By Stacy M. Brown, NNPA Newswire Senior National Correspondent
He built his first telescope at the age of 10, and by age 25, George Carruthers earned a Ph.D. in aeronautical and astronautical engineering.
Upon graduating from the University of Illinois, Dr. Carruthers started work at the U.S. Naval Research Laboratory.
His telescope and image converter identified molecular hydrogen in space, and his ultraviolet spectrograph was used by the Apollo 16 crew in their flight to the moon.
“In March 1610, Galileo Galilei reported the first use of a telescope to view mountains and maria on the moon,” Dr. Carruthers wrote in 1972. Many reported that his project collaborator, Thornton Page, a White man, acknowledged Carruthers’ brilliance and allowed him to lead on the project.
After all, just three years earlier, Dr. Carruthers was awarded a patent for his groundbreaking “Image Converter for Detecting Electromagnetic Radiation Especially in Short Wave Lengths.”
Following that, the scientist’s UV telescope and image converter provided the first proof of molecular hydrogen in interstellar space.
His invention was used on Apr. 21, 1972, during the first lunar walk of the Apollo 16 mission.
It marked the first-time scientists examined the Earth’s atmosphere for concentrations of pollutants and see UV images of more than 550 stars, nebulae, and galaxies.
Dr. Carruthers earned NASA’s Exceptional Scientific Achievement Medal for his work on the project.
“On Apr. 21, 1972, the Apollo 16 commander positioned a somewhat more complex optical instrument at the Earth from the moon and obtained several remarkable photographs showing atmospheric rather than surface features,” Dr. Carruthers wrote.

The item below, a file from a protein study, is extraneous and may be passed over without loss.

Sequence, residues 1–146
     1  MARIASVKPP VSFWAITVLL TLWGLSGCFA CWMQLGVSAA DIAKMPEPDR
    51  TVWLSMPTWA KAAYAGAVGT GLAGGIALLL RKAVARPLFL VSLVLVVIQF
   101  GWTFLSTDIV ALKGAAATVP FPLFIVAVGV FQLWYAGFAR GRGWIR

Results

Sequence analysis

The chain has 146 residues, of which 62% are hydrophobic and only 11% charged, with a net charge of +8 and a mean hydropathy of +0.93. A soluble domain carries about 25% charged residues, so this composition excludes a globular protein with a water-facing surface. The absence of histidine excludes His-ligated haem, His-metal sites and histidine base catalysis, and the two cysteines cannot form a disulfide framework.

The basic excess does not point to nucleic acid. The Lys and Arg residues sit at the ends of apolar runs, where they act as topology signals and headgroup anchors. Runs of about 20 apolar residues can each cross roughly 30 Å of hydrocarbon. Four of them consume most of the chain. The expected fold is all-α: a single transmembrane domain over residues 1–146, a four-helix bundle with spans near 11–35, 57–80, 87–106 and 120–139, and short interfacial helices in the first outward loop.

One of the first and few Black scientists of his time, Dr. Carruthers died on Dec. 26, 2020, in Washington. He was 81.
Born Oct. 1, 1939, in Cincinnati, Ohio, Dr. Carruthers had three siblings. His father, George Sr., was a civil engineer with the U.S. Army Air Corps. and reportedly encouraged his son’s interest in science.
According to his biography, the elder Carruthers died when Dr. Carruthers was just 12. After his death, the family moved to Chicago, where Dr. Carruthers’ mother, Sophia, went to work for the U.S. Postal Service.
But Dr. Carruthers continued pursuing his interest in science.
“As one of only a handful of African-Americans competing in Chicago’s high school science fairs, he won three awards, including first prize for a telescope that he designed and built,” his biographers wrote.
In 1957, Carruthers graduated from Chicago’s Englewood High School and entered the engineering program at the University of Illinois’ Champaign-Urbana campus.
While an undergraduate, Carruthers focused on aerospace engineering and astronomy.
After earning a bachelor’s degree in physics in 1961, Carruthers remained at the University of Illinois, where he earned a master’s in nuclear engineering in 1962.
In 1964, he earned a Ph.D. in aeronautical and astronautical engineering.
In a 1992 interview with the American Institute of Physics, Dr. Carruthers was asked whether it takes anything different to get an African American student interested in science instead of a White child.
“One of the things that most people agree on is just giving them lectures is not really very effective. In other words, if you say that you are going to give a lecture on space science, that is too much like what they already get in school, so it is not going to make a lasting impression on them or necessarily attract them to the field,” Dr. Carruthers stated.
“So, what we have been trying to do is give them hands-on activities, use videos and demonstrations that get across information in a way that’s more like entertainment, because certainly students are interested in seeing science fiction movies on television, they like to see ‘Star Trek’ and ‘Star Wars’ and ‘Battlestar Galactica.’ So, what we’re trying to do is cast real science in a way that’s as attractive to them as science fiction is.”